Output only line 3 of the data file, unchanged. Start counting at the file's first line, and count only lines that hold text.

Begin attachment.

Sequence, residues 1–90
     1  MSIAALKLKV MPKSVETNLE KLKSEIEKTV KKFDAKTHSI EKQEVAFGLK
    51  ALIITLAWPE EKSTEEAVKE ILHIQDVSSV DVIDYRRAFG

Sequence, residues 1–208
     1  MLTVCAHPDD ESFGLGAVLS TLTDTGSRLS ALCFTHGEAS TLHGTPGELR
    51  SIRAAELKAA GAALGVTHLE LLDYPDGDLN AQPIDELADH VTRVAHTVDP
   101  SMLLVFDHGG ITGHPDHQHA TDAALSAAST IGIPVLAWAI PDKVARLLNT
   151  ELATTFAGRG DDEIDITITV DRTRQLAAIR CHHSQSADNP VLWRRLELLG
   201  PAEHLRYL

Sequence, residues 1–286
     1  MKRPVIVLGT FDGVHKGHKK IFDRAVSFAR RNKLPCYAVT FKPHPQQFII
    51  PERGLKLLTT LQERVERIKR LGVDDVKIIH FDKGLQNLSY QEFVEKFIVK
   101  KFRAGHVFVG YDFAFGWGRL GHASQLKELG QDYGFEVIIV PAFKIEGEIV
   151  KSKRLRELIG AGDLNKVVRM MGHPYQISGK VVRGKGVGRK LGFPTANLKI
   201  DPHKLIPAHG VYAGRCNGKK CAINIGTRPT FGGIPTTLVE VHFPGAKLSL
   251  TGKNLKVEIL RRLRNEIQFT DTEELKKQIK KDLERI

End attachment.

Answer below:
    51  ALIITLAWPE EKSTEEAVKE ILHIQDVSSV DVIDYRRAFG